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A study by Utah State University scientists could shed new light on the ancient culture or cultures that created the haunting rock art known as the Barrier Canyon Style.

These paintings are known for their tapered life-size anthropomorphic figures, suspended on canyon walls around the Colorado Plateau like spirits and limbless space aliens holding court.

A revered section of the Great Gallery, the grandest expression of the style, was painted between 900 and 2,000 years ago in what is now Canyonlands National Park's Horseshoe Canyon, concluded researchers led by geologist Joel Pederson.

That's centuries later than when many scholars believe the Barrier Canyon Style reached its zenith, suggesting the style could have persisted for several thousand years and was used by different cultural groups, according to Steven Simms, a USU anthropologist and co-author on a study published Monday in the Proceedings of the National Academy of Sciences.

The study offers evidence that there was no tidy succession of cultures and instead an ethnic mixing occurred, with the in-migration of groups from the south who brought new technologies that would transform human communities.

"What makes it interesting," Simms said, "is that period is a time of great demographic, economic and social change with the arrival of the agriculture on the Colorado Plateau, and the arrival of the bow and arrow."

Rock art is resistant to scientific dating because its pigments typically lack enough of the organic material required for radiocarbon analysis.

So Pederson used a dating technique called optically stimulated luminescence, or OSL, which determines when sand grains were last exposed to sunlight. His aim was not to date the images themselves, but the movement of sediments and rock around them to identify a window in time in which they could have been painted.

But some rock art experts have their doubts about his findings. David Sucec, a Salt Lake City artist, contends previous dating efforts support the theory that the Great Gallery dates back several millennia.

He points to the "horseshoe shouldered" clay figurines recovered from two caves eight miles up the canyon from the gallery in 1975.

The artifacts, which match Barrier Canyon anthropomorphic images, were found in strata that is 7,000 years old, said Sucec, a founder of the BCS Project, a Utah group devoted to the study and preservation of Barrier Canyon Style art.

Pederson cautioned that his study doesn't date the style as a whole, but just one famous example of it, and he is seeking funding to analyze other panels.

Horseshoe Canyon is among Utah's most closely studied archaeological areas. It was added to the national park as a detached unit in 1971 in an effort to safeguard its cultural heritage, but that didn't spare nearby caves from looters. The remote spot is a few miles west of the main park's northwest corner in Wayne County, about 30 miles east of Hanksville.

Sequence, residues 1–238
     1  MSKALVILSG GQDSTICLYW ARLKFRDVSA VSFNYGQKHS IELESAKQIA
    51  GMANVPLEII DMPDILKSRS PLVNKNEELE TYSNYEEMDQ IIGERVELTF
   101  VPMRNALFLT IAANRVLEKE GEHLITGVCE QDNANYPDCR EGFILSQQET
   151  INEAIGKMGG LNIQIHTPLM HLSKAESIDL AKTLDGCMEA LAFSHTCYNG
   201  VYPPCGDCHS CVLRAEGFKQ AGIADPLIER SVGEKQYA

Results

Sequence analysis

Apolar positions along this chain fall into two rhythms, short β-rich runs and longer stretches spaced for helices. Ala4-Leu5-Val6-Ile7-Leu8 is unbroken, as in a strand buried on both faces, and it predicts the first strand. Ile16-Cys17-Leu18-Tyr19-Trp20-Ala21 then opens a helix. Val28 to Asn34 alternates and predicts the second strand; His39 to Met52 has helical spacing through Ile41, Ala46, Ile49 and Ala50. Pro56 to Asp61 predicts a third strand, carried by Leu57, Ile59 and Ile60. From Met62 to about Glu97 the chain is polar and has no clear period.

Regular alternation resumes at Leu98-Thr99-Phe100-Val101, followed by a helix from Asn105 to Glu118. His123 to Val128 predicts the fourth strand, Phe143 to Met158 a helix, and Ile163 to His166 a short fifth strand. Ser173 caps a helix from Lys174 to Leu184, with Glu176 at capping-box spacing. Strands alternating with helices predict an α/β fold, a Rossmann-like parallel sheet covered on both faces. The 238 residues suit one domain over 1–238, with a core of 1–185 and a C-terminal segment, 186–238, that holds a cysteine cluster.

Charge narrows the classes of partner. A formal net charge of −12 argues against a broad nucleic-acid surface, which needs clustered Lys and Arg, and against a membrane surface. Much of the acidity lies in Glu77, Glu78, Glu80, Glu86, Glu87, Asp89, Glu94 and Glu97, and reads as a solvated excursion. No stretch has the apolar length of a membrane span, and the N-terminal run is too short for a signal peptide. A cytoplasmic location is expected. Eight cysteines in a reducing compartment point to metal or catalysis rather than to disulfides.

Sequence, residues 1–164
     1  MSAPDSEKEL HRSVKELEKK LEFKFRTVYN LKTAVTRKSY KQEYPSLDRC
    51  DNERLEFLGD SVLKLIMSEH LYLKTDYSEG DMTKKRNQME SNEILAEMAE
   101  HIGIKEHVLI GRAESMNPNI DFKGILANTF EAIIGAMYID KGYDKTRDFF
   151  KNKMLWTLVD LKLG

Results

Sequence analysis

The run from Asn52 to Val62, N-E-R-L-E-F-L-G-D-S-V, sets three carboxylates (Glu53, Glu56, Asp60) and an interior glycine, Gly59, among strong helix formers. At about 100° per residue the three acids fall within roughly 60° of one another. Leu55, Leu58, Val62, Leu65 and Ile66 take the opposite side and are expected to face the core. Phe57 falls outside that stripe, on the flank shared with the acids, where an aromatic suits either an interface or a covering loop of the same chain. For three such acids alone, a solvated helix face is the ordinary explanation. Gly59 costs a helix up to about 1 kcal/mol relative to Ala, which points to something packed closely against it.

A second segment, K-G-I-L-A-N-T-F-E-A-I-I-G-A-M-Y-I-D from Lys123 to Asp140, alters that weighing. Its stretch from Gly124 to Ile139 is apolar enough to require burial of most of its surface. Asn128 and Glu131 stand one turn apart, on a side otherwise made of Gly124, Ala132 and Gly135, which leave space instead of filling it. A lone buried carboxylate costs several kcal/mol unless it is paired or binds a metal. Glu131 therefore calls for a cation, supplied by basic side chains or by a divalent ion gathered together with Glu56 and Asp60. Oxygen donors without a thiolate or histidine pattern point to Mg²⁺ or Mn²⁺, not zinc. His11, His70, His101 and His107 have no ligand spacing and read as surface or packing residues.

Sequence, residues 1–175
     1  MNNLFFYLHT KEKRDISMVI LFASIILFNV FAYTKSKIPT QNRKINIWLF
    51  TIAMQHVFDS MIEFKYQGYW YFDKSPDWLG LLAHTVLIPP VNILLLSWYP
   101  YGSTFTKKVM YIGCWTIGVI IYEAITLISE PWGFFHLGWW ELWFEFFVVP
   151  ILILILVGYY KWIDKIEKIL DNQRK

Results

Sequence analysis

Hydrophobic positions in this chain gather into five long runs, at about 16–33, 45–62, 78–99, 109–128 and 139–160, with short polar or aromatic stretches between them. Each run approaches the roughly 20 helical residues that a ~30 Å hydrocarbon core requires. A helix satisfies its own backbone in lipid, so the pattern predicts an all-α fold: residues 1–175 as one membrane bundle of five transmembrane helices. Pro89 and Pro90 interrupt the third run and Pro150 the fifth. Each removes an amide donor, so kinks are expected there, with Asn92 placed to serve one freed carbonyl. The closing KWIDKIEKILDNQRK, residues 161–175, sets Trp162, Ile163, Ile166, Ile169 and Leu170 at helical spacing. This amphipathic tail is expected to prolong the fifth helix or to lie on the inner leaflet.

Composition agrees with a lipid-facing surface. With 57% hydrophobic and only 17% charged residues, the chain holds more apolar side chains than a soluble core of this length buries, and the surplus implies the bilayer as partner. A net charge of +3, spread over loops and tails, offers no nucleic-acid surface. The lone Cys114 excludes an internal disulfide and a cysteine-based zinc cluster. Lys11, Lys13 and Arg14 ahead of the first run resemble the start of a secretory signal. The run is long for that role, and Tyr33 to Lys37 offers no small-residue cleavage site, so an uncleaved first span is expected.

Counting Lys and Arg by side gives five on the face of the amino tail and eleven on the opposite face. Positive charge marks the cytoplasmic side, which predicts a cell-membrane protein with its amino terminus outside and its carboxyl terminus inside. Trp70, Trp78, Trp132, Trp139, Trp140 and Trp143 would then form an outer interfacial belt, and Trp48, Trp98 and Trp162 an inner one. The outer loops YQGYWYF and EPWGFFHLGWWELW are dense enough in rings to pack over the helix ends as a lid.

The canyon is locally known as Barrier Canyon, a name that stuck when archaeologist Polly Schaafsma formally recognized these paintings as a distinct style.

Barrier Canyon art, which Sucec and his collaborators have documented in nearly 400 sites, long has been associated with Archaic cultures, about which little is known. Their art is about all that's left of their time here.

"They were exceptional image makers. They paid careful attention to how the paint was applied," Sucec said. "Most all of the images are symmetrical. If you could fold them in half, the left side would be identical to the right side."

The ages of specific examples the Barrier Canyon Style are much debated among those who study rock art, with some estimates for the style's origin going back as far as 8,000 years.

Using OSL, Pederson's team reconstructed the sedimentation process along the canyon wall under the Great Gallery.

He concluded it would have been impossible for these paintings to be older than 6,000 years because the wall was encased in sand and gravel back then.

But his research went further, determining how long the rock face holding the Holy Ghost panel had been exposed between two rockfall events, which he concluded were 700 years apart.

The team first examined the debris from a rockfall that took out part of the panel. Analyzing the panel pieces facing into the dirt, the team determined those rocks fell 900 years ago.

That date was confirmed with radiocarbon analysis on leaves discovered under the rocks.

"We lifted this rock at nighttime and there was a handful of cottonwood leaves. They were buried when the rockfall hit them," Pederson said. "That was pure serendipity."

These findings meant that the paintings were created no later than A.D. 1100, which was not a surprising result.

Then Pederson pinpointed when an earlier rockfall occurred, surmising that the Holy Ghost and figures hovering around it were painted between these two events.

Using a cutting-edge application of OSL developed by colleagues in Denmark, the USU team determined that this surface was exposed 700 to 1,000 years earlier.

These findings open the intriguing possibility that people who painted Barrier Canyon art shared the landscape with the Fremont. These ancient Indians occupied southern and eastern Utah from about A.D. 400 to 1300 and left a rich archaeological record that includes petroglyphs, images pecked into rock in a style much different than Barrier Canyon.